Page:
Build Change helps save lives in earthquakes and windstorms. Its mission is to prevent housing loss caused by disasters by transforming the systems that regulate, finance, build and improve houses around the world.
The Linux Foundation, the nonprofit organization enabling mass innovation through open source, today announced it will host the Intelligent Supervision Assistant for Construction (ISAC-SIMO) project, which was created by Build Change with a grant from IBM as part of the Call for Code initiative. The Autodesk Foundation, a Build Change funder, also contributed pro-bono expertise to advise the project’s development.
ISAC-SIMO packages important construction quality assurance checks into a convenient mobile app. The tool harnesses the power of machine learning and image processing to provide feedback on specific construction elements such as masonry walls and reinforced concrete columns. Users can choose a building element check and upload a photo from the site to receive a quick assessment.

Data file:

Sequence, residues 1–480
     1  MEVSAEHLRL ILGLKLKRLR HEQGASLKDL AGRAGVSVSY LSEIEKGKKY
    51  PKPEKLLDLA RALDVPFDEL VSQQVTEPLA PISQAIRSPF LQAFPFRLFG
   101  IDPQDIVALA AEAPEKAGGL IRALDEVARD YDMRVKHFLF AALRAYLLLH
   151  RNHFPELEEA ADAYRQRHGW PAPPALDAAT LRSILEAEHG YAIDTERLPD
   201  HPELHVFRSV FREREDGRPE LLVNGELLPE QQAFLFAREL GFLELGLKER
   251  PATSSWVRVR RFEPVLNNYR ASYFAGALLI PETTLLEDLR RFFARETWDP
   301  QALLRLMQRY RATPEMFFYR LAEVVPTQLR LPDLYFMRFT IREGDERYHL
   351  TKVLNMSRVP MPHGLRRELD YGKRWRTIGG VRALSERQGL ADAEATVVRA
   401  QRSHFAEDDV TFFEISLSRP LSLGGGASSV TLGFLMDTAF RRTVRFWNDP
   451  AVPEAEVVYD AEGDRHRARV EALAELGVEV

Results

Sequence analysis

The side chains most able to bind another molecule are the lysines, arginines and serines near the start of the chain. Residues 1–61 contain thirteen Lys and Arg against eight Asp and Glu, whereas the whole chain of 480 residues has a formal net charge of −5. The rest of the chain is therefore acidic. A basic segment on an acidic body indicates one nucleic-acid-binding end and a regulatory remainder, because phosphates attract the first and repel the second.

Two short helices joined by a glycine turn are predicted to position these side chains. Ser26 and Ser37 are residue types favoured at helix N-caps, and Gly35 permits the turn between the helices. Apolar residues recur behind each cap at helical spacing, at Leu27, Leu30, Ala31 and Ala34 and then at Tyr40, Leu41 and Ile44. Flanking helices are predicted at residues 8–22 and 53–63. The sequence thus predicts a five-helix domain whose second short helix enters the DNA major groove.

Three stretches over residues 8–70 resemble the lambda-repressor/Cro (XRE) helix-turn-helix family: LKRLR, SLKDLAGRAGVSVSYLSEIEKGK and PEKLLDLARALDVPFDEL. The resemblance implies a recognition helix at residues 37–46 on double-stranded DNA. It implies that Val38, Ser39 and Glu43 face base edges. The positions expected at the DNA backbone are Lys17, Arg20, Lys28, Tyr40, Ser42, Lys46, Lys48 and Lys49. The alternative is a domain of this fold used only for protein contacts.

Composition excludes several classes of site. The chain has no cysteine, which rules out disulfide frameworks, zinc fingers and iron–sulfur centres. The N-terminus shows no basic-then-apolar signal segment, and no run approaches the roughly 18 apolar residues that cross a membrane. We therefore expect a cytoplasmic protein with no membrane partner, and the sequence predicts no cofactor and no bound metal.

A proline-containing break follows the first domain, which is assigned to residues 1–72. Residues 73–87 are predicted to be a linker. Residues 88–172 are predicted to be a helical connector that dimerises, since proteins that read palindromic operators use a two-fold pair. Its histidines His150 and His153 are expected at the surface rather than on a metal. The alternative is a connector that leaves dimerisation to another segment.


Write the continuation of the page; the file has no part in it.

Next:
“ISAC-SIMO has amazing potential to radically improve construction quality and ensure that homes are built or strengthened to a resilient standard, especially in areas affected by earthquakes, windstorms, and climate change,” said Dr. Elizabeth Hausler, Founder & CEO of Build Change. “We’ve created a foundation from which the open source community can develop and contribute different models to enable this tool to reach its full potential. The Linux Foundation, building on the support of IBM over these past three years, will help us build this community.”
ISAC-SIMO was imagined as a solution to gaps in technical knowledge that were apparent in the field. The app ensures that workmanship issues can be more easily identified by anyone with a phone, instead of solely relying on technical staff. It does this by comparing user-uploaded images against trained models to assess whether the work done is broadly acceptable (go) or not (no go) along with a specific score. The project is itself built on open source software, including Python through Django, Jupyter Notebooks, and React Native.
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